Spotlight Projects

  • Mills builds custom podium

    Jun 18, 2015

    Mill ISFI PodiumLong-time fireman and Illinois Fire Service Institute (IFSI) instructor John Leonard passed away in January after a battle with cancer, and his co-workers at IFSI wanted to do something to memorialize him. They just didn’t know what.

    Burke and other IFSI staff ultimately decided to have a classroom podium made to honor Leonard, and that’s when they turned to the F&S Mill Shop.

    “They didn’t really know what they wanted. They had all kinds of ideas,” said Mill Foreman Andy Burnette, who built the podium with millworker Brad Ward. “They wanted to memorialize him so that when anyone walked in the room, they would see the podium and think of him.”

    The lectern is adorned with Leonard’s firefighting equipment and tools, including his helmet, flashlight, radio, ax, and badge. Its diamond metal base, reminiscent of a fire truck, was created by the Sheet Metal Shop, and the Paint Shop provided a coat of clear lacquer for the podium.

     “We’ve built lots of podiums all over campus, but never something as unique as this, especially when you know it’s to honor one guy,” Burnett said.

    For his part, Burke said he couldn’t be happier with the way the podium turned out.

    “It’s tremendous,” he said “Those guys are such professionals. There were people over here who had tears in their eyes when they saw how well they made the podium. They are true craftsmen and did a great job.”

  • Krannert Art Museum (KAM)

    Feb 16, 2015

    When the Krannert Art Museum (KAM) ran into a problem with the display for its upcoming exhibit, it didn’t have time to call the architects responsible for the show. Walter Wilson, KAM’s design and installation specialist, had three days before the exhibit opened for the first-time ever, so he called F&S.

    KAMThe night of Monday, Jan. 26, he and Mill Shop Foreman Andy Burnett exchanged initial e-mails, and Tuesday morning Wilson explained the problem and what he needed. Several of the pieces in the exhibit were supposed to be placed on melamine boards, but the boards that came as part of the show couldn’t handle the weight and buckled. Wilson sent Burnett the measurements, and the Mill shop, using sturdier, medium density fibre board, was able to get 14 new boards sized, cut, over to the Paint shop, and back to KAM by Wednesday morning, about 24 hours before the exhibit, MetaModern, opened.

    KAM
    Not only were the Mill and Paint Shops able to get the work done in 24 hours, they completed it perfectly, which, in Wilson’s experience, was particularly impressive on such short notice.

    KAM is the first stop on a six-city MetaModern  tour, so F&S’ work is not only being utilized in Champaign, but will be seen throughout the country when the exhibit travels to Arizona, Florida, Michigan, Ohio, and California.


  • Surprise found in Lincoln Hall Gateway

    Feb 02, 2015

    It’s not two centuries old, like the Paul Revere time capsule recently stumbled upon in Boston, but the unearthing of a 100-year-old box in the wall of the Lincoln Hall Gateway last month is still thrilling to Melvyn Skvarla.

    time capsules in place in north gatewayA Facilities & Services planner and the university’s campus historic preservation officer, Skvarla said he is always excited to see what is inside a time capsule -- especially a time capsule no one knew existed until early January.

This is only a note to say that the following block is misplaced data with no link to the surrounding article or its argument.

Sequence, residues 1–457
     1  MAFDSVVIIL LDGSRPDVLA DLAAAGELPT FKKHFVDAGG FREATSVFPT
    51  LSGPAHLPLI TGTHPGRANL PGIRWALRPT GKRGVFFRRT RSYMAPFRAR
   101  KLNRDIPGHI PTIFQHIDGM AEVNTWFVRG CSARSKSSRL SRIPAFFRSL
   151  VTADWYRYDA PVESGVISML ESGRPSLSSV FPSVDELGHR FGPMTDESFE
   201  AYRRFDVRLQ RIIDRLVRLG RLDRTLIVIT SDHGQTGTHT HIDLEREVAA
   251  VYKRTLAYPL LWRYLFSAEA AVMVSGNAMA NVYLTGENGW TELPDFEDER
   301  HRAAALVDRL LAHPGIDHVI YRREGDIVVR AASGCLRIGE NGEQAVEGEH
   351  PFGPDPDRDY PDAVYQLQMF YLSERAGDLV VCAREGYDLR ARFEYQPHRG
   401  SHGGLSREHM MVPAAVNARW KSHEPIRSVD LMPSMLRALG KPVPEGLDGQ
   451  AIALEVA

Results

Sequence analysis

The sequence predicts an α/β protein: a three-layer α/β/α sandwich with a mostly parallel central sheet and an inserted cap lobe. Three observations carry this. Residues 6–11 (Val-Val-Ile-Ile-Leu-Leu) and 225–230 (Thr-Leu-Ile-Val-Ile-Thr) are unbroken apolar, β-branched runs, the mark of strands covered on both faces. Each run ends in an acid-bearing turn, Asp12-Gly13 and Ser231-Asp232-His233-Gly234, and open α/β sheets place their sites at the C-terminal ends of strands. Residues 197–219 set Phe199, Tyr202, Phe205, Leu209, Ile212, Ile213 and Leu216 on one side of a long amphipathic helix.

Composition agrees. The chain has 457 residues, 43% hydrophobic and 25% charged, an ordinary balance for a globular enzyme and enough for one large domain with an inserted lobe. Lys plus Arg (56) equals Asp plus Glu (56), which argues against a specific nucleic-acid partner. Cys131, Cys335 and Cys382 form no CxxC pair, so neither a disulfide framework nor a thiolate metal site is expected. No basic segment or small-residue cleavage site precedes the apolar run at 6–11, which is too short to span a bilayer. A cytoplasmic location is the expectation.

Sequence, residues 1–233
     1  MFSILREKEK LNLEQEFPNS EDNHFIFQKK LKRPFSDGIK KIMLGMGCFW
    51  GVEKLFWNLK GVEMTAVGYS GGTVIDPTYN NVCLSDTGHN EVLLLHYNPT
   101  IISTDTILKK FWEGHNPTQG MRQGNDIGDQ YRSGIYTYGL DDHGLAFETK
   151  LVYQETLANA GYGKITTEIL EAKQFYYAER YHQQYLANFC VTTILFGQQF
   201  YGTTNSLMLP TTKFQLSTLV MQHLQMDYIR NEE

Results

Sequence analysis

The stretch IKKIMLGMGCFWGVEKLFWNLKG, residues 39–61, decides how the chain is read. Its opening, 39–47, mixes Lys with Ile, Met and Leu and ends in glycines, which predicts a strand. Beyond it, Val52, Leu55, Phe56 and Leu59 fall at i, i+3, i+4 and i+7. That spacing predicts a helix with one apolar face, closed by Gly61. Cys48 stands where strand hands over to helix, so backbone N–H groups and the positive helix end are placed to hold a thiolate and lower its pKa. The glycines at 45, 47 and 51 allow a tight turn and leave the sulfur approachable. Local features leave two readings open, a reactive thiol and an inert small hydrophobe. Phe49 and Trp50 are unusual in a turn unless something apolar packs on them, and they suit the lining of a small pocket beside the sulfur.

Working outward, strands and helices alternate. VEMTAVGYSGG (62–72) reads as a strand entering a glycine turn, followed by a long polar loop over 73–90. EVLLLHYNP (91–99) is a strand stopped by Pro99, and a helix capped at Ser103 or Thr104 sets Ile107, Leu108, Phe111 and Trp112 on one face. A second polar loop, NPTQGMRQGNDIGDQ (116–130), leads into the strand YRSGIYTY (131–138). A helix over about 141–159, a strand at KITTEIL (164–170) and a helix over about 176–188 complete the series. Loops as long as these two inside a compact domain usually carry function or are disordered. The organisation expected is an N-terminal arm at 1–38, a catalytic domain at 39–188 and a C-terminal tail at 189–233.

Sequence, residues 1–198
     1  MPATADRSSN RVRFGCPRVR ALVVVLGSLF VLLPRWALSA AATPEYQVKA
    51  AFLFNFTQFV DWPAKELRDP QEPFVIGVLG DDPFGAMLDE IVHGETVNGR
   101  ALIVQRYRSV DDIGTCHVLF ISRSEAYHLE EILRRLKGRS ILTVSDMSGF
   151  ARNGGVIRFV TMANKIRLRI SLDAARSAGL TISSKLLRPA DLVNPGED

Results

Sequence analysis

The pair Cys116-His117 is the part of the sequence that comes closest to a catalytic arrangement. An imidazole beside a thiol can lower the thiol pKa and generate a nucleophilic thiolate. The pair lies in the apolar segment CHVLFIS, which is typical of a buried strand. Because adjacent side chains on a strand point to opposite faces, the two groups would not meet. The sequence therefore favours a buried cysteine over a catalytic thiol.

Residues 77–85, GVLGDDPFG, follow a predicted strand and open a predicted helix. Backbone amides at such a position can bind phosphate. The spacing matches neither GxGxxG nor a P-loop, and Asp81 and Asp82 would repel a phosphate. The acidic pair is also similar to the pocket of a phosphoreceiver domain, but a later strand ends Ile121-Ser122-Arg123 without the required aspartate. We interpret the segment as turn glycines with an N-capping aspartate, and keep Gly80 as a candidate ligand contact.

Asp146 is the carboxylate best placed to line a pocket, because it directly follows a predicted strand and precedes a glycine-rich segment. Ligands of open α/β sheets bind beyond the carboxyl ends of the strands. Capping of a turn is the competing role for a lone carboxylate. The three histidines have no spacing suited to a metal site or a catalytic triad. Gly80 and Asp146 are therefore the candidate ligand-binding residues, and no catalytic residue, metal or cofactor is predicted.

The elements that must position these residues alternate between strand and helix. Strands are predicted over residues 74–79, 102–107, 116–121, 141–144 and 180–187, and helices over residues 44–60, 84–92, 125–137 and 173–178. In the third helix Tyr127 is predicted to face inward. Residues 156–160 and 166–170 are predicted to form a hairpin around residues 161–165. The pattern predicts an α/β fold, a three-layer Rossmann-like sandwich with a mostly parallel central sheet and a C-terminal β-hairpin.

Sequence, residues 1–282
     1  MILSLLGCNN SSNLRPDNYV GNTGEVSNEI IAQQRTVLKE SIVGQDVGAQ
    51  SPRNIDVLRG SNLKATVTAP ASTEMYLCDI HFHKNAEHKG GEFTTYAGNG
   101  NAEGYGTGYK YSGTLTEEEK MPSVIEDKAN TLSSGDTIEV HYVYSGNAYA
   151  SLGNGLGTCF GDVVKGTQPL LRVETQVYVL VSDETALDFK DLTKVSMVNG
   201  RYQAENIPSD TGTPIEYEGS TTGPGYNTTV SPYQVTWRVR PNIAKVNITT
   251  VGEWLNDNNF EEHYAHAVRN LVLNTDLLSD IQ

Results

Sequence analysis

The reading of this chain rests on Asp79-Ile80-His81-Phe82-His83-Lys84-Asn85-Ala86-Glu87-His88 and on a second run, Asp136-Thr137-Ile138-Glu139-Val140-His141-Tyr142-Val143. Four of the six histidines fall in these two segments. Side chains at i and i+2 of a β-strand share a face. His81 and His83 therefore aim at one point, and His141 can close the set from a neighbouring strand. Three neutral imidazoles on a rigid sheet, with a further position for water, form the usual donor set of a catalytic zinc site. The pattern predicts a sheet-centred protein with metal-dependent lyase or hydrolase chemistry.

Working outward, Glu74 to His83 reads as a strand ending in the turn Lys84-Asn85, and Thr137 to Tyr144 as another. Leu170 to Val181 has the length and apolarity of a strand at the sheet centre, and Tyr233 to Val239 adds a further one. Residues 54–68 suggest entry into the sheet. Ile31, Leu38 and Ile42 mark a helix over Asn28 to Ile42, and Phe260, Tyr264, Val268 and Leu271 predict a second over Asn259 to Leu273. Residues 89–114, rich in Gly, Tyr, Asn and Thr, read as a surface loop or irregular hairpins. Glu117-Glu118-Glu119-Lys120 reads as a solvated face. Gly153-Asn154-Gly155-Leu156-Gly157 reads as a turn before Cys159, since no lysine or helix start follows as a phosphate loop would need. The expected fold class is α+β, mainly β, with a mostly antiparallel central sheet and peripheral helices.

“We knew there were time capsules under the Alma Mater, under a stainless steel monolith near Engineering Hall, and in the cornerstone of the original Lincoln Hall,” Skvarla said, “but this was unexpected.”

    Contract workers from the Otto Baum Company found the artifact inside a cavity of the Gateway’s walls while rebuilding the crumbling structure. The Gateway, located along Wright Street to the south and west of Lincoln Hall, was a gift from the Class of 1913 and was completed in July of that year.

    “Gateways were very popular in the 1870s through the 1920s, especially around quadrangles,” Skvarla said.

    Stuff found in old time capsuleWhen F&S project manager Grant Colella opened the 8-inch by 6-inch handmade, copper box, he immediately knew it was a time capsule and handed it over to Skvarla for investigation. The capsule contained 13 business-type cards with names on them, along with a 1912 Lincoln wheat penny, an 1894 Indian head wheat penny, and a tag with the name of the metalsmith who crafted the box.

    The name of the university’s supervising architect, James McLaren White, was on one card. Other cards had the names of who Skvarla can only guess were Gateway committee members or employees of the Operations and Maintenance Department, the predecessor of F&S. Some of the cards had printed names on them, while others featured handwritten signatures. A Japanese name was even written on one card.

     “I don’t know if he was a student, or maybe was working for F&S,” Skvarla said. “With so little documentation, it would take extensive research to find out who all those people were.”

    The original time capsule was replaced and sealed into the rebuilt Gateway’s wall on Jan. 28. With it went a new plastic box that contained all the original items, plus several additional ones, including a written history of the capsule, a 2014 penny (2015 coins are not available yet), a 2014 Homecoming button, a photo CD of all the old and new items, and business cards with the names of those involved in assembling the 2015 box.

    Because of the hand-signed cards and lack of other items, Skvalra guesses the insertion of the original time capsule was a last-minute addition to the Gateway, though he doesn’t guess why.

    “Everyone wants to be remembered,” he said, “and that’s fun and interesting to see.”